For example, Shaughnessy offers some fun ways to encourage literacy skills that won’t feel like learning to children. They include:

  • Playing a board game together or telling knock-knock jokes while doing the dishes.
    Organizing a ‘grocery hunt’ in which children search the store for food items on the family grocery list.
  • Playing ‘home restaurant’ by getting children to create a menu for a meal by drawing food items or using grocery store flyers. To spice up mealtime, children can even take food orders too.
  • Getting children to read different traffic signs along the roadway when travelling out-of-town.
  • Visiting the local library and getting your child a library card. This can increase independence and inspire a child to borrow and read books that are of personal interest.

“Engaging a child for 20 minutes each day to support literacy skills is worth every minute, especially given the rewards for you and your child,” Shaughnessy adds. For additional resources, including speech and language milestones and links to local service providers, visit the KidTalk website.


For media inquiries, contact:

Shelley Shaughnessy, Public Health Nurse, HKPR District Health Unit, 1-866-888-4577, ext. 2307

Tough To Stomach

Cost of Healthy Eating Remains Out of Reach for Many People in the Tri-County Area, Health Unit Finds


New year, same result

That in a nutshell describes the ongoing challenges many families in Northumberland County, Haliburton County, and the City of Kawartha Lakes face to pay for healthy food. In its annual pricing for a Nutritious Food Basket in this area, the Haliburton, Kawartha, Pine Ridge District Health Unit estimates an average family of four (two adults, a teen and child) would’ve had to spend nearly $875 per month to eat healthy in 2019. The Nutritious Food Basket consists of more than 60 food items that are nutritious and commonly purchased by people. Items not included in the ‘basket’ are essentials like soap, toilet paper, toothpaste and personal care products.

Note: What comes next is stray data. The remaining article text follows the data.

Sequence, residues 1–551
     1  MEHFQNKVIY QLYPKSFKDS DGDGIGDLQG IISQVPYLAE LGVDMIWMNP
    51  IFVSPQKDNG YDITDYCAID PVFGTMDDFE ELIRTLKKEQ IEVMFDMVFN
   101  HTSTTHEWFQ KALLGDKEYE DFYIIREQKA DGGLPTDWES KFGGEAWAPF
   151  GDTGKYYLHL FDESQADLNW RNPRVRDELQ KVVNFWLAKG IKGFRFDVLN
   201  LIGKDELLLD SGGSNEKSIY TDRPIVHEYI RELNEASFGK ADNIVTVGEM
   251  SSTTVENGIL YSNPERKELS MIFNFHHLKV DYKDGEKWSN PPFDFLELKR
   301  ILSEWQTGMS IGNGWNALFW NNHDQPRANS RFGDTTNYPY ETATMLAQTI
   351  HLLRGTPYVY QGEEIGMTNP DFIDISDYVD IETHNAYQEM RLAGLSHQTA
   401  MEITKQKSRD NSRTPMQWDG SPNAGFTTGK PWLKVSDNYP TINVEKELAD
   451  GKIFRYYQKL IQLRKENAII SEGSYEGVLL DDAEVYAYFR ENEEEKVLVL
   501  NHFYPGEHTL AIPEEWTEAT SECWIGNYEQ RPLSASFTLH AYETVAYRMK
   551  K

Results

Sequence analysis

While the 2019 costing for a nutritious food basket is similar to prices in 2017 and 2018, increases in other monthly expenses such as housing and transportation mean people are struggling to put healthy food on the table, says Sarah Tsang, a Registered Dietitian and Health Equity Coordinator with the local Health Unit.

“People are not making enough money, whether they rely on social assistance or work in minimum-wage jobs,” she says. “This means families must decide if they will buy healthy foods or pay for other basics like rent. Children who live in poverty will pay the price in the long run. We know that not having enough food – or the fear of not having enough – may lead to more anxiety, depression and other mental health problems.”

A recent study shows that many low-income families who cannot afford to eat healthy food work in full- or part-time jobs. Feed Ontario’s Hunger Report 2019 found a 27 per cent increase over the past three years in the number of adults who are working and using food banks.

While food banks, emergency meal programs, and other programs do an excellent job to provide some relief in the short term to address the problem, they are not long-term solutions, Tsang notes. “We forget that food banks were only supposed to be temporary solutions,” she says. “What we really need is to find a long-term solution to food insecurity and poverty.”

Food insecurity is when people do not have enough money to buy food to adequately feed themselves. The problem can only be addressed when people earn enough money, says Tsang. “We need income solutions, such as creating jobs that provide living wages and benefits, increasing social assistance rates that reflect the true costs of living, and setting up a basic income guarantee in Canada,” she adds. “Ensuring there is more adequate and affordable housing will also help.”

With food prices expected to rise again in 2020, local residents are encouraged to find out more about the issue, including the need for a living wage and other income solutions. To do so, they can visit the No Money For Food… is Cent$less campaign website.


For media inquiries, contact:

Sarah Tsang, Registered Dietitian and Health Equity Coordinator, HKPR District Health Unit, 1-866-888-4577, ext. 1497

A Reason to Smile

Local Seniors Encouraged to Learn About New Program That Covers Costs of Certain Dental Services


A new program is available to Ontario seniors to help them better access dental care.

The Ontario Seniors Dental Care Program (OSDCP) is a new publicly-funded dental care program for low-income seniors. The OSDCP can help ensure seniors get regular checkups, an important consideration when they have increased risk for dental decay, gum disease and oral cancer. At least two-thirds of low-income seniors do not have access to dental insurance.

The Haliburton, Kawartha, Pine Ridge District Health Unit is helping to promote the new OSDCP in this region. According to Health Unit estimates, approximately 4,000 seniors could be eligible for the OSDCP in Northumberland County, Haliburton County and the City of Kawartha Lakes.